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£200,000 awarded to Caudwell Children for art and culture project through Spirit of 2012 collaboration with Birmingham 2022

£200,000 awarded to Caudwell Children for art and culture project through Spirit of 2012 collaboration with Birmingham 2022

£200,000 has been awarded to the north Staffordshire charity Caudwell Children to create a new art and culture project linked to the Commonwealth Games, following a collaboration between Olympic legacy funder Spirit of 2012 and Birmingham 2022.

The project, entitled All Roads Lead to Alexander, will deliver music workshops for young people with special educational needs and disabilities (SEND) and their families in Birmingham and Sandwell.

The children’s charity will work in partnership with multi-instrumentalist group, K’antu Ensemble, to deliver the workshops to 1,000 people, with around 80 having the opportunity to tell their story of links to Commonwealth nations and territories through musical storytelling sessions.

These workshops will culminate in a series of creative outputs including a performance during the Birmingham 2022 Cultural Programme, a world-class arts festival running from March to September 2022, alongside the sports programme. The cultural programme will include new work, installations, exhibitions, performances and major events across the West Midlands.

In addition, the project will run leadership workshops aimed at improving mental health and wellbeing, as well as supporting families to feel more connected in their community.

Caudwell Children, which is headquartered in Newcastle-under-Lyme, aims to transform the lives of disabled children across the UK by providing practical and emotional support.

The charity is one of three organisations to receive a share of £600,000 from the West Midlands Challenge Fund, a collaboration between Spirit of 2012, the London Olympic and Paralympic Games Legacy Funder, and Birmingham 2022. Its aim is to help build strong communities, improve wellbeing and empower inclusive participation in the arts.

Susie Rodgers MBE, non-executive director, Spirit of 2012 and Paralympic gold medallist, said:

“Large scale sporting and cultural events have the power to bring people together in hope and celebration; I know this through my own personal and professional experience as a Paralympic athlete, competing in and experiencing both London 2012 and Rio 2016.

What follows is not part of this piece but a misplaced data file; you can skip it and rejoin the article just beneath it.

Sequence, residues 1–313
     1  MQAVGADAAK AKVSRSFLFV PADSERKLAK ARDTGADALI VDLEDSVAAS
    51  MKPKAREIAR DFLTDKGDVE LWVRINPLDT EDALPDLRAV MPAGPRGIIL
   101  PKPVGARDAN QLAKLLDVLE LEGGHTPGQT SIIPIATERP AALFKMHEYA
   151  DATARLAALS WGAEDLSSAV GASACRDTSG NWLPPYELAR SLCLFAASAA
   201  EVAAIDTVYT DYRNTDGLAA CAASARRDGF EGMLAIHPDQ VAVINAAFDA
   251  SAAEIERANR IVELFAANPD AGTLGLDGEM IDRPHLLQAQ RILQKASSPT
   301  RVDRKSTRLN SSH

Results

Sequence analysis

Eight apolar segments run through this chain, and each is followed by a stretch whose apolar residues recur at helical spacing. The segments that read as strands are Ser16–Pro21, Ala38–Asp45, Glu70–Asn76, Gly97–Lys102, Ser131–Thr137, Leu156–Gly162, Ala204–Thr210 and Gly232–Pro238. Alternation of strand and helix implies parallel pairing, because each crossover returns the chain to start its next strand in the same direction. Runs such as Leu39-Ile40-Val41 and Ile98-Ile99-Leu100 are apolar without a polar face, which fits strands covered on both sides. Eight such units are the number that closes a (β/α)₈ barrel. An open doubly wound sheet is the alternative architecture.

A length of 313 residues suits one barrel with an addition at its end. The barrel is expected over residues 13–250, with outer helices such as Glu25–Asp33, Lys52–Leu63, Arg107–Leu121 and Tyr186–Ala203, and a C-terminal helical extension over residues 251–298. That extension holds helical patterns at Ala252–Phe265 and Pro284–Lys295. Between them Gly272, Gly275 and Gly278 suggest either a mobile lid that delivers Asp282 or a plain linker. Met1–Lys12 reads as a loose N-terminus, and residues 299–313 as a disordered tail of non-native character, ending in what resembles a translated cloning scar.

It is a privilege to be able to fund Caudwell Children’s project which will create opportunities for disabled and non-disabled people to come together to celebrate the Birmingham 2022 Commonwealth Games, their Commonwealth stories and be part of the biggest celebration of sport and culture in this country since the London 2012 Olympic and Paralympic Games.

“I know the true value that sport has, particularly in changing attitudes, unlocking what is possible, and demonstrating how we are all interconnected. That is why I am excited to see these brilliant projects innovate in bringing people from all parts of the community together to create something truly special.”

Trudi Beswick, CEO at Caudwell Children, said:

“Our All Roads Lead to Alexander project is really ambitious; we’re aiming to work with 1,000 young disabled people, their siblings and families in Birmingham and Sandwell who have links to Commonwealth nations and territories over the next two years.

“We’ll do this through a series of music workshops, in partnership with local communities and organisations to help improve mental health and wellbeing, and a celebratory performance in 2022. We are very excited to deliver the project, as it will help us expand on the charity’s work in helping disabled children reach their full potential, especially in the West Midlands.”

Raidene Carter, Executive Producer of the Birmingham 2022 Cultural Programme, said:

This fund will support three inspirational organisations and, importantly, bring a much needed financial and moral boost to the cultural and charity sectors through uncertain times.

“Caudwell Children’s project demonstrates the power of the arts in giving voice to underrepresented communities across Birmingham, bringing together hundreds of disabled and non-disabled people to create a series of exciting performance moments for the Birmingham 2022 Cultural Programme.

“Our collaboration with Spirit of 2012 is a wonderful example of Birmingham 2022’s ambition to create a Games for everyone. We’ve loved being part of the journey so far and I can’t wait to see how the creative ideas and incredible ambition for inclusion come together for the wider public to enjoy in 2022.